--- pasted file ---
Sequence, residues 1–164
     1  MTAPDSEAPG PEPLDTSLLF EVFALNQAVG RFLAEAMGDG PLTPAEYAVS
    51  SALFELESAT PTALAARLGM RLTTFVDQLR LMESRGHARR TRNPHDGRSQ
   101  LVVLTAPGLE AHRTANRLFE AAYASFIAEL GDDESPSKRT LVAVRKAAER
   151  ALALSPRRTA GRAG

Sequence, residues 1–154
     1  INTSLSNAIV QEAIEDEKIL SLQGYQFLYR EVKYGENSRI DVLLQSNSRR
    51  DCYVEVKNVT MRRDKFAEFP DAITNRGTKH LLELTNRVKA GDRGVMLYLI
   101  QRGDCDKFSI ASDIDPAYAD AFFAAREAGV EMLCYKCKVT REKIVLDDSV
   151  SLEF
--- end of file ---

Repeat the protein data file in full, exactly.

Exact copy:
Sequence, residues 1–164
     1  MTAPDSEAPG PEPLDTSLLF EVFALNQAVG RFLAEAMGDG PLTPAEYAVS
    51  SALFELESAT PTALAARLGM RLTTFVDQLR LMESRGHARR TRNPHDGRSQ
   101  LVVLTAPGLE AHRTANRLFE AAYASFIAEL GDDESPSKRT LVAVRKAAER
   151  ALALSPRRTA GRAG

Sequence, residues 1–154
     1  INTSLSNAIV QEAIEDEKIL SLQGYQFLYR EVKYGENSRI DVLLQSNSRR
    51  DCYVEVKNVT MRRDKFAEFP DAITNRGTKH LLELTNRVKA GDRGVMLYLI
   101  QRGDCDKFSI ASDIDPAYAD AFFAAREAGV EMLCYKCKVT REKIVLDDSV
   151  SLEF